Confidence intervals vs. point estimators [Regulatives / Guidelines]

Hi Dan,

❝ I am not an expert in statistics but as far as I know the 90% confidence interval for Cmax and AUC tells one that the true test/reference ratio lies within this interval with a probability of 90%.

If the experiment is repeated an infinite number of times, 90% of the point estimates would be within your bounds, that's what you'd expect, all other factors being equal and assumptions holding. This is interpreted to mean that the true PE with 90% certainty is within the bounds you first found.

❝ On the one side we will argue that for both primary bioequivalence parameters there is a overlapping of confidence intervals for all four studies. On the other side the assessor will argue that the point estimators of the second pilot study are not included by the confidence intervals of the other studies -> batch variability! Is this reasonable?

Yes, in principle. Do I get you correctly that there is no single point all four CI's have in common?
Here's a proposal, the guideline specifically reads: "The test product should usually originate from a batch of at least 1/10 of production scale or
100,000 units, whichever is greater, unless otherwise justified."
. This is because everybody knows that there is variability between batches and that performance of a pilot batch is not necessarily equal to a full scale batch. So, you will just with kind words remind the assessor that a bunch of his/her colleagues acknowledge that fact that pilot performance is not pivotal performance and cannot be expected to be. Yes, there is variability between batches. No, it is not a problem, you are handling it well by separating pivotal data from pilot data. This is what you can tell the assessor.

❝ As Pavidus explained BE studies are definitely not suitable to assess inter-batch variability of any product. Which arguments can support this idea?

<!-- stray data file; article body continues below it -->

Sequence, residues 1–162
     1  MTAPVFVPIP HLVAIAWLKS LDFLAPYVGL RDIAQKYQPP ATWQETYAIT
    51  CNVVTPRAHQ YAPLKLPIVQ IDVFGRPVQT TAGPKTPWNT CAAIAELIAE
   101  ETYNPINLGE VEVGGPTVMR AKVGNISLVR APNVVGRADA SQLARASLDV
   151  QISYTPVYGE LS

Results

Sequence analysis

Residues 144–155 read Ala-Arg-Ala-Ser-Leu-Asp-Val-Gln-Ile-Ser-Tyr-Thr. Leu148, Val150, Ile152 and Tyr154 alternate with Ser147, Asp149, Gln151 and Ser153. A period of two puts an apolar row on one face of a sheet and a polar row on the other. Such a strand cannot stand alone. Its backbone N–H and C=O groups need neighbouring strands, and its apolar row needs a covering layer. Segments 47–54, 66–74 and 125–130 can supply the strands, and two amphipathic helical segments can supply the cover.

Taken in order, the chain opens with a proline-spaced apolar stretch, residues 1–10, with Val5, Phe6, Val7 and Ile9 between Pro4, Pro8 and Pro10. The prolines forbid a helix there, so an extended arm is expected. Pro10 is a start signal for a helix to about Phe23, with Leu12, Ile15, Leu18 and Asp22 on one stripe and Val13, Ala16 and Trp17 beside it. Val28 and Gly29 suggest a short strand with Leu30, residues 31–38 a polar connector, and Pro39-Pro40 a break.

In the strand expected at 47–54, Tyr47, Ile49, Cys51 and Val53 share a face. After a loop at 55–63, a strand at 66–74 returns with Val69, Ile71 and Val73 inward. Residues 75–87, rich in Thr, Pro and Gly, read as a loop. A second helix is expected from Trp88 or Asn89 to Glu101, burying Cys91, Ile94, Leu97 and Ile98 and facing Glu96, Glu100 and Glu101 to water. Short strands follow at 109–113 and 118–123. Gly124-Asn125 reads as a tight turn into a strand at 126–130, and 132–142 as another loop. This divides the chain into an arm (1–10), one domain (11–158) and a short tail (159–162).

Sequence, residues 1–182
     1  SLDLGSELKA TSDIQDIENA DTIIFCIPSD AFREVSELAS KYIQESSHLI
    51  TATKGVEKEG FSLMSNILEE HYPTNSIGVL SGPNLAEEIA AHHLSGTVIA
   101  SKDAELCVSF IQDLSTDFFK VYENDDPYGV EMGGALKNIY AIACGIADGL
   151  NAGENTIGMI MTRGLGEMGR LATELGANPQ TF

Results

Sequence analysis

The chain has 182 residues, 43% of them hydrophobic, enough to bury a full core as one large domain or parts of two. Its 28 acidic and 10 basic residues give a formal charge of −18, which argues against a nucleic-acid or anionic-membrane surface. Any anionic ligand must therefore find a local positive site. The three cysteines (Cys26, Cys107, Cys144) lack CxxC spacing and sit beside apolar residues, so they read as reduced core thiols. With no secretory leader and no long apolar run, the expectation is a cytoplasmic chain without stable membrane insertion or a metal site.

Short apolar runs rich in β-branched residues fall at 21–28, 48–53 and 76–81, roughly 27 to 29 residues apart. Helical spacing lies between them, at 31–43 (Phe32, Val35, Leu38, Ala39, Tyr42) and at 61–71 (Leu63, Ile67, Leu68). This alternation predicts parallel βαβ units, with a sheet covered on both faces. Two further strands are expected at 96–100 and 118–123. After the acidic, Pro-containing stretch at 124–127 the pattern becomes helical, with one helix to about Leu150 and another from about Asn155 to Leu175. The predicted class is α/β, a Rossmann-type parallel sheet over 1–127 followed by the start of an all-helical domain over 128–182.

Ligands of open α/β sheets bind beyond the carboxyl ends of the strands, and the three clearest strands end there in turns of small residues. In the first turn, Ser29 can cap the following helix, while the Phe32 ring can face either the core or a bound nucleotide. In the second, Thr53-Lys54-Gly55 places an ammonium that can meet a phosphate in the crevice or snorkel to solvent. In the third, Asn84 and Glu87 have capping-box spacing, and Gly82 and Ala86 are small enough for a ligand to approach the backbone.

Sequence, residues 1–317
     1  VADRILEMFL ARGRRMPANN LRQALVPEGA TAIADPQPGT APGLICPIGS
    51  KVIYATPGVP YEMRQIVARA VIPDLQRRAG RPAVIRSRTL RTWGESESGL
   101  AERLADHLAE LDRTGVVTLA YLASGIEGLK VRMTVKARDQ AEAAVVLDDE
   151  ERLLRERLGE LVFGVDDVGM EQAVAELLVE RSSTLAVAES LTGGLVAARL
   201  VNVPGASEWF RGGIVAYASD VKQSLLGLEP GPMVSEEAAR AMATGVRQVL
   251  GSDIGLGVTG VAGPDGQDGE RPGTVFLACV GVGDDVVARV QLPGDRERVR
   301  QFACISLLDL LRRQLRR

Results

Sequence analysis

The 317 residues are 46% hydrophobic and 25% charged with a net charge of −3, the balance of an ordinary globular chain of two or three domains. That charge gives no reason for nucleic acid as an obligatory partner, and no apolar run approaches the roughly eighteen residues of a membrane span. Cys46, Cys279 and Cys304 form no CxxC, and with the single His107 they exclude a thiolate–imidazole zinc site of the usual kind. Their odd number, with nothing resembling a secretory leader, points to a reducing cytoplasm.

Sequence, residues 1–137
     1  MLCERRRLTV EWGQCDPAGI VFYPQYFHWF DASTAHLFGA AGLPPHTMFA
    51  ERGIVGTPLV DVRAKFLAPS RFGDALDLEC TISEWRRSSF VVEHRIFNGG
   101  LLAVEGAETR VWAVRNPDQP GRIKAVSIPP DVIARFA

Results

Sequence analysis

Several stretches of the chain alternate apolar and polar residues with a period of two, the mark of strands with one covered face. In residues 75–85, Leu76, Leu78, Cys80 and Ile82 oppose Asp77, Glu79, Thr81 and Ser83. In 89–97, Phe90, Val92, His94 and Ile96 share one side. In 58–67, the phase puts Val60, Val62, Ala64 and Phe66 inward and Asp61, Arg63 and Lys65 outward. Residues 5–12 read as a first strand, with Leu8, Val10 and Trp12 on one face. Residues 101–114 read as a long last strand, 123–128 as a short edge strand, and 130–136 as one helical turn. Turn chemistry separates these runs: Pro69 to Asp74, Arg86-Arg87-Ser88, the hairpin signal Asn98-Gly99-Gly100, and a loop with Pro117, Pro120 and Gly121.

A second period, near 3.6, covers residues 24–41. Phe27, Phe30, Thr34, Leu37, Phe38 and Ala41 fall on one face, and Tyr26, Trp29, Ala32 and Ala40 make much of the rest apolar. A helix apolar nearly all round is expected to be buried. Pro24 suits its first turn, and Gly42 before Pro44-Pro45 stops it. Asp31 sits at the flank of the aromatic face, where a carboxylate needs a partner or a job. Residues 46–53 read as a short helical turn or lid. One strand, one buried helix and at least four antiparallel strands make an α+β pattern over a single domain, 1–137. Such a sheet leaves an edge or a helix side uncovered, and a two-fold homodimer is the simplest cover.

Well... If you wanted to study everything you might do a mixed model with batch (within treatment some would say) as random factor. In that case one could take variability between batches into consideration. Noone does it, though, and the PK subgroup does not expect you to do this either ("The terms to be used in the ANOVA model are usually sequence, subject within sequence, period and formulation.").
So you can just explain back that batch is never a factor in ANOVAs according to recommendations published by the Efficacy Working Party, and that you see no compelling reasons to deviate from that document.
You might also speculate: The ref. product is probably 500 years old and chances are the production parameters and specifications for that process reflects to some extent reflects habits and traditions from those days, whereas your product accords with today's standards. Therefore, for all practical purposes, generics are often less variable. This is a generalisation and unfortunately impossible to know if it specifically holds for your product.

Honestly, I don't think you have wildly big a problem. I understand why the question is scary, but the task the assessor faces if he/she has to defend his/her views at CMD(h) is worse.

S.

Pass or fail!
ElMaestro